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Fundamental Contract Principles (Kansas)

In our last blog post about contract law, we wrote about damages from contract breaches in Kansas, introducing the concept of foreseeability as a limiting factor in determining damages for a breach of contract.  Prior thereto, we similarly wrote about breaches of contract in Kansas, discussing the five elements of a Kansas breach of contract claim.  This current post is the latest in our contract law series, returning us to fundamentals that form the bedrock of enforceable agreements both large and small.

The Supreme Court of Kansas stated ten years ago that “it is a fundamental principle of contract law that there must be a meeting of the minds regarding essential terms in order to have a binding contract.”  State v. Copes, 290 Kan. 209, 217, 224 P.3d 571, 577 (Kan. 2010) (citing Mohr v. State Bank of Stanley, 244 Kan. 555, 572, 770 P.2d 466 (1989)).  Two years later, this principle was affirmed: “In order to form a binding contract, there must be a meeting of the minds on all the essential elements.”  Unified School Dist. No. 446 v. Sandoval, 295 Kan. 278, 282, 286 P.3d 542, 546 (Kan. 2012) (citing Albers v. Nelson, 248 Kan. 575, 580, 809 P.2d 1194 (1991)).  

What exactly is a meeting of the minds?  It might seem to imply an attempt to get inside the heads of the contracting parties in an effort to determine their hidden, unspoken, or subjective intentions, but the term really does not mean that.  A “meeting of the minds” actually refers to objective intentions: what one party manifests, expresses, or communicates to the other.

A better term for “meeting of the minds”, in this author’s opinion, is “mutual assent”.  The Kansas Supreme Court does not go so far as to confirm this sentiment, but it does, in Sandoval, equate the two terms.  See id. at 550-51 (quoting the Restatement (Second) of Contracts for the proposition that “the formation of a contract requires…a manifestation of mutual assent” and explaining the term “meeting of the minds” as an event that occurs when “[e]ach party… accept[s] the essential terms of the contract and outwardly communicate[s] the acceptance in a way reasonably intended to be understood as such[.]”).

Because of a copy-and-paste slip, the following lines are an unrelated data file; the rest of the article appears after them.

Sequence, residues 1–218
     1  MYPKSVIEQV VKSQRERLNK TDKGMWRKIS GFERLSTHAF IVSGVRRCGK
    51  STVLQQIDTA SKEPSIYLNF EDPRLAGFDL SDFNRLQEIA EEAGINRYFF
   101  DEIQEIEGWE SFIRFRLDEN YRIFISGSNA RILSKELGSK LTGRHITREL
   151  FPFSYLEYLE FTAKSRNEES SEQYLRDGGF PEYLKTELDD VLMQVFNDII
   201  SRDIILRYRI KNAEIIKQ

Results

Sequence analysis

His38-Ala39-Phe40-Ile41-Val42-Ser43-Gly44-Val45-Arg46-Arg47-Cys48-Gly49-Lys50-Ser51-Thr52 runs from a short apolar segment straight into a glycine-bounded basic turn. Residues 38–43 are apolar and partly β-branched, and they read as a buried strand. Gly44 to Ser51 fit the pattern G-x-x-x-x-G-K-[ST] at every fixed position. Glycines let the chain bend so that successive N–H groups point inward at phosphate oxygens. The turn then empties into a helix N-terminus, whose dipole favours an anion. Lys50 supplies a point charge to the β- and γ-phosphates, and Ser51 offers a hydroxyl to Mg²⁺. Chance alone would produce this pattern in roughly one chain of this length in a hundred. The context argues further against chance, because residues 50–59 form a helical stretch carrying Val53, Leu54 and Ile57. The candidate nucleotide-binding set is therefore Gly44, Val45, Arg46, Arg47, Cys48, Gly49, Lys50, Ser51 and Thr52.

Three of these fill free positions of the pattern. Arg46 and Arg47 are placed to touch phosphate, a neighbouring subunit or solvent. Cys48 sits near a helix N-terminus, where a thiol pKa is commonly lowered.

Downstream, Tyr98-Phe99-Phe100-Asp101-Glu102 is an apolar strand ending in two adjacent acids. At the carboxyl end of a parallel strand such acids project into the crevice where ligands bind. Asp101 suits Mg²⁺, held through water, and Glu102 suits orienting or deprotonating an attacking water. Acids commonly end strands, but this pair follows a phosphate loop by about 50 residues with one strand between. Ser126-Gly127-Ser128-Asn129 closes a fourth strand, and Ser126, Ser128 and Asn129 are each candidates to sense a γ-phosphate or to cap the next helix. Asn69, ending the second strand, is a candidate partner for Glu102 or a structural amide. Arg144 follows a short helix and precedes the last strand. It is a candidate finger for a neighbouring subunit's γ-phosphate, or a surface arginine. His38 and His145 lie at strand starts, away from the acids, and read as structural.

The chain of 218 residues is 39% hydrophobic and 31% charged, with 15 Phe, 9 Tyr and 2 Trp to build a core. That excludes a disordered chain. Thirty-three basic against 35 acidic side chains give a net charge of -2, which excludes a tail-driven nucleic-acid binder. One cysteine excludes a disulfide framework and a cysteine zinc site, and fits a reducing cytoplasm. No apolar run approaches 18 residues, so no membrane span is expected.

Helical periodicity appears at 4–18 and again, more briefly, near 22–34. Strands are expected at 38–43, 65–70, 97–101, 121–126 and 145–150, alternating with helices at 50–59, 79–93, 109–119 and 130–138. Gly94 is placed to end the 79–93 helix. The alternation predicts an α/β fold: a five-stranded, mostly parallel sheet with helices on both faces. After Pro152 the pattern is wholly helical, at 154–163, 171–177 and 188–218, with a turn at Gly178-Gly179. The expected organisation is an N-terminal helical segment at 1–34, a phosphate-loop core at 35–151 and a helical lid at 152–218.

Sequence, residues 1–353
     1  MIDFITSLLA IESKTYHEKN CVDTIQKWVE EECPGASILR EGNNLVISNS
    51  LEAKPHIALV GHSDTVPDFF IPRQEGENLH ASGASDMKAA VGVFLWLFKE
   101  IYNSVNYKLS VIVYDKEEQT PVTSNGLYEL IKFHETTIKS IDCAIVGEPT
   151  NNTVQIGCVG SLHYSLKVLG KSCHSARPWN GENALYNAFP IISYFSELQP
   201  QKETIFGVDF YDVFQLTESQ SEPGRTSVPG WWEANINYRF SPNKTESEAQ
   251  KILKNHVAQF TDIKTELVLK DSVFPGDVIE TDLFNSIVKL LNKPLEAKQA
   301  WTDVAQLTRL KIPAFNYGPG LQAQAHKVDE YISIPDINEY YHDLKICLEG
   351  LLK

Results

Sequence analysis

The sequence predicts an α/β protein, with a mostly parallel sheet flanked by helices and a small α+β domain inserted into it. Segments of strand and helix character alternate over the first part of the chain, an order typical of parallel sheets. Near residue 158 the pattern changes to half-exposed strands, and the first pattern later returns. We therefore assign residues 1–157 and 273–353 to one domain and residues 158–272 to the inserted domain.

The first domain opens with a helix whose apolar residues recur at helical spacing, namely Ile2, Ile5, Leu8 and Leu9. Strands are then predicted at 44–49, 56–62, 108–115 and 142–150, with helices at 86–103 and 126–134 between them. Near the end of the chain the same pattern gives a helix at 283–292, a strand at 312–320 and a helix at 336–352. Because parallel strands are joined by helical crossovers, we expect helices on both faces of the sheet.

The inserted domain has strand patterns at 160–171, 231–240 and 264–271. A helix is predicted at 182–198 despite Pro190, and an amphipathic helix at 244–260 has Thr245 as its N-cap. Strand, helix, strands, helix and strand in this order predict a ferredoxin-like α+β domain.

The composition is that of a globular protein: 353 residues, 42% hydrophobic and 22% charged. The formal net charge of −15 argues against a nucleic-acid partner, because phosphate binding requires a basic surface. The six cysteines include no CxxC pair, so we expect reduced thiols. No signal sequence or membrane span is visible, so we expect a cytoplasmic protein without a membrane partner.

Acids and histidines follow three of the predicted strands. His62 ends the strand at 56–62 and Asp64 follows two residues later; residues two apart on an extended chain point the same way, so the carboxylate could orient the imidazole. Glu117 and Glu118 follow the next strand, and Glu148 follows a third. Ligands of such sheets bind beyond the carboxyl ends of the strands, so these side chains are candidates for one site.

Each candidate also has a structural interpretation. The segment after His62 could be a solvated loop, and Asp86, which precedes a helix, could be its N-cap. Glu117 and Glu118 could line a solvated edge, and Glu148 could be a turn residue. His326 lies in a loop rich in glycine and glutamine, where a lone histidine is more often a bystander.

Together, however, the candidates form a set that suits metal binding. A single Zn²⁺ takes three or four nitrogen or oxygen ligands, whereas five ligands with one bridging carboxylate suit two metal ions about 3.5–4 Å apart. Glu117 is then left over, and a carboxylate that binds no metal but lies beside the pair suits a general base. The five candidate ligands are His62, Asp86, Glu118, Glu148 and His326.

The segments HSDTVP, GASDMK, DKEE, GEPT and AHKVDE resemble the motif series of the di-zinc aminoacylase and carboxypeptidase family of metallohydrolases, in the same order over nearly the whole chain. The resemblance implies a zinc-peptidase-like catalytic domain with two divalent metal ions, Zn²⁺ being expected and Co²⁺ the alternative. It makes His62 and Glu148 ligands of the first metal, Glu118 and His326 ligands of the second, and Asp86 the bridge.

The Kansas Court of Appeals back in 2004 (while not being critical of the term itself) did a nice job of dispelling the “myth” of “meeting of the minds”.  After stating that a meeting of the minds between the two parties must have occurred as to all essential terms in order to find that the parties entered into an enforceable contract, the court went on to demystify what it meant by the term “meeting of the minds”: “In determining intent to form a contract, the test is objective, rather than subjective, meaning that the relevant inquiry is the ‘manifestation of a party’s intention, rather than the actual or real intention.’”  Sw. & Assocs., Inc. v. Steven Enter., 32 Kan. App. 2d 778, 781, 88 P.3d 1246, 1249 (Kan. Ct. App. 2004) (quoting 17A Am. Jur. 2d, Contracts § 27).  

The Kansas Court of Appeals added one more comment to its already helpful clarification: “‘the inquiry will focus not on the question of whether the subjective minds of the parties have met, but on whether their outward expression of assent is sufficient to form a contract.’”  Id. (quoting 1 Lord, Williston on Contracts § 4:1, p. 241 (1990)).

As stated hereinabove, per the highest court of this state of Kansas, a fundamental principle of contract law is that there must be a meeting of the minds in order to have a binding contract.  To understand fundamental principles, sometimes, one has to dig a little deeper. This blog post shows what lies beneath the legal topsoil in Kansas, bringing clarity to one of the lesser-understood fundamental principles of contract law.

Here at Kincaid Business & Entrepreneurial Law, LLC ®, we have substantial experience working with contracts.  We frequently review, revise, and draft contracts for small businesses, landlords, employers, entrepreneurs, and others.  We also have the competency to determine whether a breach of contract has occurred and represent a party in the enforcement or defense thereof.  Please contact us at 913-735-7707 or conveniently schedule with us here if we might be of service to you or your business.

Matthew T. Kincaid  

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